I had always considered myself to be a “good listener” until that night. Being raised in the middle of a large family had forced me to do my share of listening just to keep the noise level low in my home. But I didn’t realize, until that night, that listening required more of me than just being quiet. I didn’t realize, until that night, how desperately someone could need to be listened to.
It had been a long day. In order for me to stay in school at Brigham Young University in Provo, Utah, I had to work part-time at night and go to school and study during the day. I was feeling tired and a little sorry for myself as I walked into the cafeteria late that night after a particularly hard day. The cafeteria was almost empty at that late hour.
I picked up my dinner tray and turned around to find a table. From the corner of my eye, I noticed a girl sitting alone at one of the tables. She was staring at her food with her head bowed. A large backpack, books, and papers were scattered all over the table where she was sitting. By all appearances, she obviously wanted to be left alone. There were plenty of empty tables and I started to walk toward one of them to sit down.
Suddenly I felt impressed to sit down next to the girl that I had noticed. Even though I was usually reserved, I found myself walking toward her table. I tapped her on the shoulder and asked her if I could sit next to her.
She silently and reluctantly agreed as she began to move her books and papers off the table. Her appearance and posture and manner all told me that she wanted to be left alone, and I wondered why I was being so intrusive.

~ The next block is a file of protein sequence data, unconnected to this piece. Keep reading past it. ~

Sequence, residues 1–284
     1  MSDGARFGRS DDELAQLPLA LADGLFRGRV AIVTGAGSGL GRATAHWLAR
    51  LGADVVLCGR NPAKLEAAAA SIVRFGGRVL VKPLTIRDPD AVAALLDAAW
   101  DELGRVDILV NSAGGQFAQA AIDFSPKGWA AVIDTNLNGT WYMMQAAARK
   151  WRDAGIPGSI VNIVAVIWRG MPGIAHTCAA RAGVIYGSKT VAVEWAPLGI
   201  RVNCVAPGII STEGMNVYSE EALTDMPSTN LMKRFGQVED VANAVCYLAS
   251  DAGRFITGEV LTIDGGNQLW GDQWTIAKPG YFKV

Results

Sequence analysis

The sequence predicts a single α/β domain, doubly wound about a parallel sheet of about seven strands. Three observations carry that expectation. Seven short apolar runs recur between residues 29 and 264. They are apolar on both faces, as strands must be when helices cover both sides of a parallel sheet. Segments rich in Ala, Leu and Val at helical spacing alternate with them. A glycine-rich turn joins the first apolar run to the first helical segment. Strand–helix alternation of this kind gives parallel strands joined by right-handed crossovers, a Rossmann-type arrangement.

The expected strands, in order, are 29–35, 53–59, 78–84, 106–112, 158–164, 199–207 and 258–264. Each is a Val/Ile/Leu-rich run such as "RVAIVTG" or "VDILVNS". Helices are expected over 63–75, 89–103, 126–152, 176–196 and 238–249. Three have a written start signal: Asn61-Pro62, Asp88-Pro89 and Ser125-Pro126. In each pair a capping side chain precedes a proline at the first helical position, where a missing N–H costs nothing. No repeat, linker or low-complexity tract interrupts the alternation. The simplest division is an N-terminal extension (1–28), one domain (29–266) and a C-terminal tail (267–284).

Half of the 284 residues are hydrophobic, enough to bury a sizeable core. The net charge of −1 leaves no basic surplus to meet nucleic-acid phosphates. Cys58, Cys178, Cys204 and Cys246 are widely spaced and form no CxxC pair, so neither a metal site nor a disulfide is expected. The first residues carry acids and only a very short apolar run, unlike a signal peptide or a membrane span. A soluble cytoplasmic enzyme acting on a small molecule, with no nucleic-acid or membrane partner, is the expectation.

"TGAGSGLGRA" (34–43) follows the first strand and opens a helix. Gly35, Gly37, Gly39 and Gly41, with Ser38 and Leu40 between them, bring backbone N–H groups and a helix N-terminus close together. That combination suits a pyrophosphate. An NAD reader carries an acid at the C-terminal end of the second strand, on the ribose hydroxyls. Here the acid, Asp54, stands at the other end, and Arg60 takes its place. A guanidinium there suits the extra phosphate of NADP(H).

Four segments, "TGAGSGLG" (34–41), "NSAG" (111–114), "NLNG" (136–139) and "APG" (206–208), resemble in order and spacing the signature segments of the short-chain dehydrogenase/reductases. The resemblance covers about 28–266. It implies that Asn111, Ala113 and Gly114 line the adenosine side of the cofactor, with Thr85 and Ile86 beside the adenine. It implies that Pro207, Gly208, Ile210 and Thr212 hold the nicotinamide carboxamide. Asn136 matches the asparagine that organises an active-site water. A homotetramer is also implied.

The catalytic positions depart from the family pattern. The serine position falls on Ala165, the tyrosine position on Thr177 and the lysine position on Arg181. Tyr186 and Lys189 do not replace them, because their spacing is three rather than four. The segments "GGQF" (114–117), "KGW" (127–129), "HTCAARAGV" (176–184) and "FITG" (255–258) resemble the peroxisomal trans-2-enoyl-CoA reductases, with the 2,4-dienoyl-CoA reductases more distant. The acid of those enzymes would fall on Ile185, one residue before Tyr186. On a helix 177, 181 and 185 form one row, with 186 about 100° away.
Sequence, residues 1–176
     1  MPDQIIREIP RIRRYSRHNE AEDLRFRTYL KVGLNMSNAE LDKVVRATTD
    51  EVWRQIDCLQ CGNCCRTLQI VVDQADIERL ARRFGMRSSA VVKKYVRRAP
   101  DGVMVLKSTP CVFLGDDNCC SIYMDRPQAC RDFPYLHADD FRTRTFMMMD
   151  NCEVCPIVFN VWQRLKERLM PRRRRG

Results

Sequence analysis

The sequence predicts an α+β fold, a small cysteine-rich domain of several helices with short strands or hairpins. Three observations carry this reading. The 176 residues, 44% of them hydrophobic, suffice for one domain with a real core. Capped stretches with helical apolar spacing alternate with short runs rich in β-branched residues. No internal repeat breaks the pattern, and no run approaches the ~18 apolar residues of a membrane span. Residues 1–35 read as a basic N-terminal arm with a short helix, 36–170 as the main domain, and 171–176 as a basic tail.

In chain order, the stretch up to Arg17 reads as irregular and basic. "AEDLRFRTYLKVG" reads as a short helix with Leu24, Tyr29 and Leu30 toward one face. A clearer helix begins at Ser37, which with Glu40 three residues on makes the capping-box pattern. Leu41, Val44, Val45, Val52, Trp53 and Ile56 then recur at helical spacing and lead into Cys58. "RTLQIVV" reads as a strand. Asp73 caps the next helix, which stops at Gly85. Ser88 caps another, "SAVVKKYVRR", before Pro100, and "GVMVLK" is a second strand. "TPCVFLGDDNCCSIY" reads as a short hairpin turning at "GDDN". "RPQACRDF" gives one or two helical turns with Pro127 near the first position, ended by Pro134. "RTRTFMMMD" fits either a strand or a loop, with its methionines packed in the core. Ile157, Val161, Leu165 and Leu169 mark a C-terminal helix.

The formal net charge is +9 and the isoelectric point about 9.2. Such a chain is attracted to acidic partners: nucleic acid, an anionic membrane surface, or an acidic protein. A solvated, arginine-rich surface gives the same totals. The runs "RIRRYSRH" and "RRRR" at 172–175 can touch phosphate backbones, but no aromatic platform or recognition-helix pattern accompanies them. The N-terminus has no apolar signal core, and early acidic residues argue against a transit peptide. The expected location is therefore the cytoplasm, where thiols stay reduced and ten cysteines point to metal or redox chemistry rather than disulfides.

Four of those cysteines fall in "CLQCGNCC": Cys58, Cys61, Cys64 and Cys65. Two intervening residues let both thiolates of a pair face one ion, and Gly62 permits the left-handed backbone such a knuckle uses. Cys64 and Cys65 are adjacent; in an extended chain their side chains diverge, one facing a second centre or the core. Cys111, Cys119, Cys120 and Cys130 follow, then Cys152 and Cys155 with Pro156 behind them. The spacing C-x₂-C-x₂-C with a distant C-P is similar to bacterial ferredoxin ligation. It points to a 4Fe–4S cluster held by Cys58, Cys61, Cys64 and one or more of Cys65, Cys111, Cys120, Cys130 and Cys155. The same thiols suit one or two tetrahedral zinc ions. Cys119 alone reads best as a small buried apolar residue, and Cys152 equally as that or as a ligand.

Then we started to talk, slowly and cautiously at first. I felt strangely as if she were a lifetime friend of mine that I hadn’t seen for a long time, and I wanted to know all about her and what was happening to her. We both spoke freely, maybe even more freely than real friends because we had no images to maintain and no reputations to uphold.
The young girl told me about some extremely depressing things that were happening in her life at that time. We talked for hours. Then the tears came.
After several hours had gone by, she looked at me and said, “Tonight I was sitting here alone again, and I felt and really believed that I didn’t have a friend in this whole world. I couldn’t think of even one person that cared about me. I was sitting here thinking how I could end my life when you walked up and asked me if you could sit next to me. You’ll never know what you’ve done for me tonight. I’ve only known you for a few hours, but I know that you are my friend and that you care about me. There must still be a God that cares for me if you can care for me.”
Later we embraced and walked away in separate directions. I turned, suddenly remembering that I didn’t even know her name. But she had disappeared into the night.
As I walked toward home, I was feeling pretty good about myself knowing that I had heeded the impression to sit next to the girl. My problems seemed pretty small compared to hers.
Then suddenly I remembered all the times I had been similarly impressed to speak to someone, to spend time with someone, to telephone someone or to say an encouraging word to someone. I remembered the excuses of not wanting to be too presumptuous, or being too tired or worried about my own problems, or all the millions of reasons I had used for not heeding the promptings that I often received.
I suddenly wondered how many of those people I had neglected had needs as desperate as those of the young girl that I had just talked to.
Never before had I realized that to truly be a “good listener” I had to first learn to listen to the whisperings of the Holy Spirit. Alone, without the Spirit, I was unable to discern the real needs of the people around me. With the Spirit, I could listen with my heart as well as my mind.
I will probably never see that girl again, but I hope I will never again fail to listen to the impressions that the Spirit gives me.